And there is considerably uncertainty, of course. Will the new administration cut taxes, move towards greater fiscal stimulus, cut regulations, and repatriate the $2 trillion in corporate cash idling abroad? Is it sort of a Reaganomics 2.0? If so, this could jump-start the economy out of secular stagnation, and that would be bullish for growth. If nominal growth starts to accelerate, that should be bullish for earnings and stock prices (even if it comes at a lower P/E multiple). But if the above comes with increased protectionism through tariffs on goods imported from China and Mexico, then what the market stands to gain on the one hand might be given back on the other.

At this point, the answer is unclear, which is why the market is likely to demand a higher uncertainty premium. But to me, this election outcome does not have to be seen as a one-way ticket lower for stocks. It could just as easily be the opposite. But one thing is certain in my mind—there will be twists and turns along the way. The quiet low-volatility days are probably over for a while.

International

The broad political climate of this election and other events, such as Brexit, have signaled that globalization trends are due for a slowdown. All else being equal, I think less mobile capital means lower real returns on capital, as companies are less able to take advantage of tax, labor, and resource inefficiencies in foreign markets. In turn, lower real returns on capital mean lower real interest rates and a weaker dollar.

President-Elect Trump has called for a large fiscal easing, personal tax deductions at the upper end of the income scale, and more defense spending. Even a limited implementation of these initiatives would increase the deficit significantly over the next decadeIn the short term, the environment of higher fiscal spending and less globalization should benefit TIPS, as investors anticipate rising inflation.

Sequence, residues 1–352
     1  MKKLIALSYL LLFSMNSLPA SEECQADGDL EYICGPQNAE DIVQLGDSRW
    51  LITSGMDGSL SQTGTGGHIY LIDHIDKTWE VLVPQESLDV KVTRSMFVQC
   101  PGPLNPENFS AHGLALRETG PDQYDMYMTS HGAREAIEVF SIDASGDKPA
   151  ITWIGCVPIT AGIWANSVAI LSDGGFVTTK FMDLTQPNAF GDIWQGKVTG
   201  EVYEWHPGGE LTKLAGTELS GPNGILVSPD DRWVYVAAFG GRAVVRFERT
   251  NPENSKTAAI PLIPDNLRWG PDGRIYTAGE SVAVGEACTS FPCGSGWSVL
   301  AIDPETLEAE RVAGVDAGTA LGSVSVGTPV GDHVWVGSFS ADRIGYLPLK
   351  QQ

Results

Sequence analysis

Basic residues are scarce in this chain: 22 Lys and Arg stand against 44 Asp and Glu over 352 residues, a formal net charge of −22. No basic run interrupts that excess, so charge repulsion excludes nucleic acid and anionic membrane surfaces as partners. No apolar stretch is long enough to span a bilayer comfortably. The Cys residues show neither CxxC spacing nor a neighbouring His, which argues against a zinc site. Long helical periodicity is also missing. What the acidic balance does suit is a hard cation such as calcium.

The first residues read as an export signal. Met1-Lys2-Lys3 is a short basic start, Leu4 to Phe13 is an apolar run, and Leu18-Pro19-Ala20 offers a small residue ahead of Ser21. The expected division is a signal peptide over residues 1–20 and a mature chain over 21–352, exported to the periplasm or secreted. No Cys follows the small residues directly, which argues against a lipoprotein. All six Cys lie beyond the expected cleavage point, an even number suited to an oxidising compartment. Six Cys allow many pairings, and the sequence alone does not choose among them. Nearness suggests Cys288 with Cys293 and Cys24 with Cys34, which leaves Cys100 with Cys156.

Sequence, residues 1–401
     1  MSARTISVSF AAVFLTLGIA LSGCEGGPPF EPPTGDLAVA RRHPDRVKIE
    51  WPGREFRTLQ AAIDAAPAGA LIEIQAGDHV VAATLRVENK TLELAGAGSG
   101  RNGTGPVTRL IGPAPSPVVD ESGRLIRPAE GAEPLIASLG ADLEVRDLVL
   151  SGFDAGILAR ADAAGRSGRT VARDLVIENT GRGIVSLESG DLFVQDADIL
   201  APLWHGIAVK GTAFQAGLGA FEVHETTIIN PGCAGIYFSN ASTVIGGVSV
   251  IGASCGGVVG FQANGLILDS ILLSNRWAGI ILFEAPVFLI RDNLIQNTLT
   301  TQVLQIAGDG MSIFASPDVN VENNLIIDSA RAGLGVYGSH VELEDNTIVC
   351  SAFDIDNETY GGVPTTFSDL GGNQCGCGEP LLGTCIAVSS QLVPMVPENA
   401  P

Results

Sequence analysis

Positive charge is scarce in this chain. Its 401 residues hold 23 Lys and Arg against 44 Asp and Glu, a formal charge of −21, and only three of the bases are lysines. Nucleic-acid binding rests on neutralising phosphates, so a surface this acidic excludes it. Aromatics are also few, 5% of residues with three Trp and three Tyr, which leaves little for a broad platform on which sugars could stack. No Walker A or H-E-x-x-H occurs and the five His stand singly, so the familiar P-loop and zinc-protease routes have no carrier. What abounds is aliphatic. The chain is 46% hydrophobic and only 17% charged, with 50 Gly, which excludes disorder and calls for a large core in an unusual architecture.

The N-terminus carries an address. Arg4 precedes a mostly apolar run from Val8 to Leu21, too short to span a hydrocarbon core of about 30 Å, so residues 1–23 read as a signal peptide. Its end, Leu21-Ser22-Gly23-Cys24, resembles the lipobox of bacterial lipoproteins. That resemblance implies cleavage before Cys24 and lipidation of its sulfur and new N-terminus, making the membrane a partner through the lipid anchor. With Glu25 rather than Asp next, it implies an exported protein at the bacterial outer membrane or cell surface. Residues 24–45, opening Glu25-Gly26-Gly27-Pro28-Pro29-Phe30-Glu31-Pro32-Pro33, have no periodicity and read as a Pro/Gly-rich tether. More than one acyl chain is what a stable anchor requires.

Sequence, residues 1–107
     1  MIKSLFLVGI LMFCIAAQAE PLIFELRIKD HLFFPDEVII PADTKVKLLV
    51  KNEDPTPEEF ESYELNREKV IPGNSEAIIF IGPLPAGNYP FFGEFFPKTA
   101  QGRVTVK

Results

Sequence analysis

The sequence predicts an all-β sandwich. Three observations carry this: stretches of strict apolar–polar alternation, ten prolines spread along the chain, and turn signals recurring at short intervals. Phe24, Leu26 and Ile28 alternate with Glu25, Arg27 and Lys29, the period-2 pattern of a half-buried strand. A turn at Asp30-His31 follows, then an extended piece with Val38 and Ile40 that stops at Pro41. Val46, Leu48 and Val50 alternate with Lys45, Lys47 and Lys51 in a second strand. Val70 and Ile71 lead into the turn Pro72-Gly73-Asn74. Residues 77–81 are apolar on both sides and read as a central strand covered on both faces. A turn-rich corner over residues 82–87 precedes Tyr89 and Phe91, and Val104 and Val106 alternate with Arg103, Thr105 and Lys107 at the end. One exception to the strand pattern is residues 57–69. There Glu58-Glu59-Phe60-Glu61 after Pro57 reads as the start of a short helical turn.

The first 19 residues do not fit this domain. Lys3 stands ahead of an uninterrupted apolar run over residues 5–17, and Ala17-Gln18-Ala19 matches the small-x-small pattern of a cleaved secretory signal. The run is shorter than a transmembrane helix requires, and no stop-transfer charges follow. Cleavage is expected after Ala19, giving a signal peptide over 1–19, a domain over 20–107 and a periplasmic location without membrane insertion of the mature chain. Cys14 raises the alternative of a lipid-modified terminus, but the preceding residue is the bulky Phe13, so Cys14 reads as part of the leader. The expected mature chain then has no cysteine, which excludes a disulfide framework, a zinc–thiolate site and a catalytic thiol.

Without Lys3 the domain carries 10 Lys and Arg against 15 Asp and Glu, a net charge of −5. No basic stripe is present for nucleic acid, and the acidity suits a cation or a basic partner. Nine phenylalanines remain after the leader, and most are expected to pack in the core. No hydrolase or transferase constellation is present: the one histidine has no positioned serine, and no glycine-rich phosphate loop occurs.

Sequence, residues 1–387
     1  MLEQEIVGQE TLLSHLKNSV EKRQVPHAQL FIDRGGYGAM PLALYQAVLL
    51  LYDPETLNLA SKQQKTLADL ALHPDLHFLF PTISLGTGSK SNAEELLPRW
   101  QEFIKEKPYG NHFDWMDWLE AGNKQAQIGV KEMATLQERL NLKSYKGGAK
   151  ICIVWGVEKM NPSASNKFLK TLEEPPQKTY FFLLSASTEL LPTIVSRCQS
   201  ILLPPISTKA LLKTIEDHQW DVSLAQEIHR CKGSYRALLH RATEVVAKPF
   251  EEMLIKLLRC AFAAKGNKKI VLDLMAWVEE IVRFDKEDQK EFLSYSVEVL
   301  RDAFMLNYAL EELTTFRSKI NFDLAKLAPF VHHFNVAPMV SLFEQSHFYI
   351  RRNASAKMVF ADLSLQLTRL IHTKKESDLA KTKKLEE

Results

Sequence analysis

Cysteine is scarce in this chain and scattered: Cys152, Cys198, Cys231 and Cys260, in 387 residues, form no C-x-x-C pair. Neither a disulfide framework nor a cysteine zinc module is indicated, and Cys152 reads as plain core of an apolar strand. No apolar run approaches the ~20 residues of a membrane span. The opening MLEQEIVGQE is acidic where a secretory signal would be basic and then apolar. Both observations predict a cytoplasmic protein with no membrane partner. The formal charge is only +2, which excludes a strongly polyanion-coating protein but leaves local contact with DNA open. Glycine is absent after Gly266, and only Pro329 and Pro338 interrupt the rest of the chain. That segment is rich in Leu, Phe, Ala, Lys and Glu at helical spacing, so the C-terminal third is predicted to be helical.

The impact on Treasuries is less clear, as anti-globalization pushes yields down and inflation up, while fiscal stimulus pushes nominal yields higher. Furthermore, I think there could be impacts on monetary policy-in particular, a Trump administration could have a more strained relationship with Federal Reserve officials. Trump says he would like to switch to a more rules-based monetary policy with less focus on zero interest rates, negative interest rates, and quantitative easing.

Thoughts?

When I step back and assess all these factors and the future, I think the policies/factors will push the U.S. economy further into the late-cycle phase. While we had been positively disposed toward global equities as a recovery in China and continued growth in the U.S. pay dividends for economies abroad, I don't think many expected this Trump win, so very little of this has been priced into the markets already. As a result, investors must be prepared to weather a negative environment for equities and fixed income.

We will probably have a rocky road ahead, but I am not in the camp that thinks this election outcome is a one-way ticket to a bear market.  More of an opportunity to "BUY" equities.

About SWM

Our firm assist individuals, families, and businesses in proactively preparing themselves for a broad range of financial decisions and life events by utilizing a team of specialized individuals to help our clients gain income protection, financial stability, and overall peace of mind for themselves and their loved ones.  We are an Integrated,  Wealth Manager Specialists. 


Mark Sumner
Financial Advisor

Sumner Wealth Management, Inc.                
517 Alcove Road, Suite 202                                            
Mooresville, NC  28117                      
(704) 660-5510  Ext. 401                                        
www.sumnerwealthmanagement.com